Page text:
WAO Medical Book Review
Posted: November 2009
The Immune System, Third Edition
By Peter Parham
2009 Garland Science, Taylor & Francis Group, LLC
Available at Garland Science
Dr. Frederick J. Lee, BSc MBBS (Hons I)
Senior Registrar, Clinical Immunology and Allergy
Campbelltown, New South Wales
The Immune System, 3rd Edition is an up to date, if very conventional text outlining the structure and function of the human immune system spread out over 16 chapters. It starts with the basic science of immunology before moving onto the clinical implications of immune dysfunction.
Those familiar with Janeway's Immunobiology will notice an immediate resemblance. Indeed, The Immune System is wholly adapted from its Garland Science stable-mate.
The Immune System is designed as an introductory text. There is a focus on first principles and basic concepts.
This text is squarely aimed at the medical student level. Many features present in its contemporaries - such as an introduction to laboratory immunology - have been eschewed in favour of a redundancy of information.
What this text sets out to do, it does quite well. The flow and detail provided in covering the major topics is logical and systematic. Especially pleasing was the (relatively) greater space dedicated to innate immunity, an increasingly important area of study. The prose is clear and sticks to the 'one paragraph-one concept' rule.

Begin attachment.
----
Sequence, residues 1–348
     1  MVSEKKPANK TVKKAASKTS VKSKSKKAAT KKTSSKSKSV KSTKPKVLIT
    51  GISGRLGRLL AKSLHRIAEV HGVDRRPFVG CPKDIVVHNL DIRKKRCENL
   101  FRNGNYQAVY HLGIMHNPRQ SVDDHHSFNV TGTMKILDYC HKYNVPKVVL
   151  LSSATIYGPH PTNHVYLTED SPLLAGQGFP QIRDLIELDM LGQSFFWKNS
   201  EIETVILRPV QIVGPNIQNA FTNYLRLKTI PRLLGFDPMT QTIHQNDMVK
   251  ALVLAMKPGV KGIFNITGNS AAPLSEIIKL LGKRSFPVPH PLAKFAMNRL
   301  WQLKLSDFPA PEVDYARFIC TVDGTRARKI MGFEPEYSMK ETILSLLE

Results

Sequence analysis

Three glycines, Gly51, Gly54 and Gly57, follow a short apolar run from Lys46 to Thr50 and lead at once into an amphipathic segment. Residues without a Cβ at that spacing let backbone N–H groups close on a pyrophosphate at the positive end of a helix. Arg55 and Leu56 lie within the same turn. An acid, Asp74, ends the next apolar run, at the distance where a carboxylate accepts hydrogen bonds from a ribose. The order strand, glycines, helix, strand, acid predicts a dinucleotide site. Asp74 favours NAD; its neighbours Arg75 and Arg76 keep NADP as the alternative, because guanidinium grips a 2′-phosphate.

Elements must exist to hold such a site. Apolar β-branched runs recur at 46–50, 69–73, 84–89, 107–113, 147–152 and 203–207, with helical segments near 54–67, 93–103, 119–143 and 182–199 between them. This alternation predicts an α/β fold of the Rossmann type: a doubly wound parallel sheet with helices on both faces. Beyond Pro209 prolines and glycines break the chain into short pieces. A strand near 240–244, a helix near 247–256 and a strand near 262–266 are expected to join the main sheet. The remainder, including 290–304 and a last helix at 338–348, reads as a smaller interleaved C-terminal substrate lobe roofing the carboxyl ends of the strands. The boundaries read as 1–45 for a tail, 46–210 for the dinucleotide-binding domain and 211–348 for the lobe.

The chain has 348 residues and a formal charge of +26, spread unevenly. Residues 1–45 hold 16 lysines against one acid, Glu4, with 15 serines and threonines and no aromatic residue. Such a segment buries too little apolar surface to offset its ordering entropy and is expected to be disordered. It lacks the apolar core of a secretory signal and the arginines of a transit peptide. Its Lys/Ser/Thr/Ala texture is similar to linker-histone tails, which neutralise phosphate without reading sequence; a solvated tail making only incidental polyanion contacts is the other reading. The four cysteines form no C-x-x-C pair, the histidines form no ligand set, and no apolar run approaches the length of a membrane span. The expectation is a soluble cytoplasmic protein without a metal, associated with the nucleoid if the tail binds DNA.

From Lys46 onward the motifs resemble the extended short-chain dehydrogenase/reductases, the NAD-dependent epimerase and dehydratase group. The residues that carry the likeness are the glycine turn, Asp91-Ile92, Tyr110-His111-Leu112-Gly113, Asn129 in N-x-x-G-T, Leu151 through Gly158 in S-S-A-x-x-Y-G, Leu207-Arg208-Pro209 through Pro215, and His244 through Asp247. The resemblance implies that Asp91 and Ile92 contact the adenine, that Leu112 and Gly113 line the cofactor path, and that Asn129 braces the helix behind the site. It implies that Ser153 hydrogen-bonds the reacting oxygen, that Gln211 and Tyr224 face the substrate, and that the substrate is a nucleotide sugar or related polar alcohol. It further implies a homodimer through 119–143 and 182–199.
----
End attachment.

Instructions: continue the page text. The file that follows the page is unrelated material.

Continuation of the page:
Each chapter is concluded by a succinct summary, and is accompanied by a set of questions for self-revision. The provision of an answer section makes this a very useful study tool.
However, it is in the diagrams and illustrations that this book excels. Garland Science have built up a substantial expertise in this area and use this to full effect.
There is no CD-ROM/multimedia resource provided with this book. Rather, this is sold separately.
The challenge in the successful teaching of immunology lies in imparting the concepts without becoming entangled in the detail. The Immune System attempts to do this by paraphrasing information in as many different forms as a conventional textbook can allow. The absence of a bundled multimedia CD-ROM, common with current textbooks, is a disappointing omission however, particularly considering the book's target audience.
In spite of this, The Immune System succeeds in its purpose, and considered alone, is a very competent text for the medical student level. Nevertheless, it resembles its immediate forbear - Janeway's Immunobiology - much too closely to present a genuine alternative to that text's broader appeal.